Bagging up Honeycrisp, Suncrisp and Mutsu apples at the greenmarket
CAMBA Food Drive March 9-13

Risotto is wonderful winter fare


(photo by Ian Britton/

Rice trumps potato - at least to my way of thinking. Sure, I love a delicious dollop of garlic mashed potatoes as much as the next starch fiend, but rice wins hand down it comes to its nimble versatility.

Risotto is a favorite winter rice dish of mine, classic Northern Italian fare distinctive for its creamy finish and the individual bite in each kernel of rice. Made from rice or riso native to Italy, risotto has its traditional versions like Risotto Milanese, but there are infinite variations - limited only by the quick imagination of the cook. 

Since I picked up some lovely mushrooms in the market - maitake, shiitake, baby bella, and oyster - the logical next step was to combine the two.

Don't grab just any bag of rice and start rattling your pots and pans. Risotto is made from riso or  rice native to Italy, and like the dish itself, there are many varieties.  This special Italian rice consists of two distinct starches - a quite soft exterior which melts away, creating the creamy texture in risotto, and an extremely hard starch kernel, which gives the grain dish its firm bite.

The three main types most often used are Arborio, Carnaroli, and Vialalone Nano.  Almost everyone is familiar with the widely used Arborio, a superfino (which denotes the small grain size) rice; however, many cooks prefer Carnaroli, also a superfino, and Vialone Nano, a semifino.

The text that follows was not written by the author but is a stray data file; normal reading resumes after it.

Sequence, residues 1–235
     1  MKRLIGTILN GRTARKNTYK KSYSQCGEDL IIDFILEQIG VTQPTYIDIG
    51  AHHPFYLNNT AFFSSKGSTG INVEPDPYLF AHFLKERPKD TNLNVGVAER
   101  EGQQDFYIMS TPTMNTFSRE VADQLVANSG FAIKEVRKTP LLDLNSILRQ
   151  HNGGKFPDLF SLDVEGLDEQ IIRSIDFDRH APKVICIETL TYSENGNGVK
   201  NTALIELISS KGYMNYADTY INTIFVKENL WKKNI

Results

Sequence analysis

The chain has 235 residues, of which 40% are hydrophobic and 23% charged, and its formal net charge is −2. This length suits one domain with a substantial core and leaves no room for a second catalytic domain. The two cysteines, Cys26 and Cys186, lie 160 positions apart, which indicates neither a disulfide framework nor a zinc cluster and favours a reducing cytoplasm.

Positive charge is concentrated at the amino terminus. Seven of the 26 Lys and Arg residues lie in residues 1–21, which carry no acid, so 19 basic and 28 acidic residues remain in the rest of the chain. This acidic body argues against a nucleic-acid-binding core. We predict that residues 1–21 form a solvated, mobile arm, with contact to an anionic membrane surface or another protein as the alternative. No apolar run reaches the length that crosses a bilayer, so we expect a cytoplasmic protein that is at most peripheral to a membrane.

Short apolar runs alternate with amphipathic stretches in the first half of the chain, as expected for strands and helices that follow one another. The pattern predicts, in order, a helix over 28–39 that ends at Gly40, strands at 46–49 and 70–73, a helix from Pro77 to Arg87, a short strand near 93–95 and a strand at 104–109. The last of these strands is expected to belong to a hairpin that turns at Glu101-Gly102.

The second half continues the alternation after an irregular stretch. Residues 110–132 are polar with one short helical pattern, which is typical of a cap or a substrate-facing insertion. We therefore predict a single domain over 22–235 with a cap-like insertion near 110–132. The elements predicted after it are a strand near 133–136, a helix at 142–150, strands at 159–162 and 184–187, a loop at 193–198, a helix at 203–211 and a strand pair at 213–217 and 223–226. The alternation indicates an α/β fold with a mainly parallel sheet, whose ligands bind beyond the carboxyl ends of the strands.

Typically, I use Arborio or Carnaroli when making risotto.  In researching, Vialone Nano, which you can find in my market, I discovered it is the perfect riso for cooking a risotto which has delicate ingredients with robust flavors - like humble and earthy mushrooms. 

The traditional rice of the Mantua and Veneto regions, Vialone Nano (nano is Italian for dwarf) is a round, "half-long" grain rice that can absorb twice its grain weight in liquid.  It's ideal for a velvety risotto with an al dente bite, and pairs well with vegetables, meats, seafoods. ghly 20 minutes.

For this recipe, I use a two-pan method. Serve with roasted mixed vegetables such as cubed winter squash, brussel sprouts and apples.

Risotto with Mixed Mushrooms

Prep time: 20 minutes

Cooking time: 20 minutes

Serves Four

4 cups of chicken stock

1/4 cup dry white wine, room temperature

1 tablespoon olive oil

2 tablespoons butter

1 cup of Italian rice

1/2 onion, diced

2 cloves garlic, minced

1 cup thinly sliced  mushrooms (maitake, oyster, shiitake & baby bella)

a pinch of saffron threads

1 cup Parmigiano, freshly grated

Bring chicken stock to a boil, then reduce to low to keep warm. Heat the olive oil over medium heat, adding the oinon and garlic to saute until just soft before adding the mushrooms.  Continue sauteeing for an addition 2-3 minutes. 

Meanwhile place rice so it just covers the bottom of a large pan over low heat for about five minutes to heat.  Add sauteed vegetables to the rice, mixing so the grains are coated. 

To the rice, add the stock, one ladle at a time, stirring continously until until the liquid is absorbed. Add the saffron just before adding the wine, which should be your last liquid. This process takes about 20 minutes.

Rice should be tender yet firm with a creamy finish before adding the cheese snd the butter. Serve with roasted mixed vegetables such as cubed winter squash, brussel sprouts and apples.


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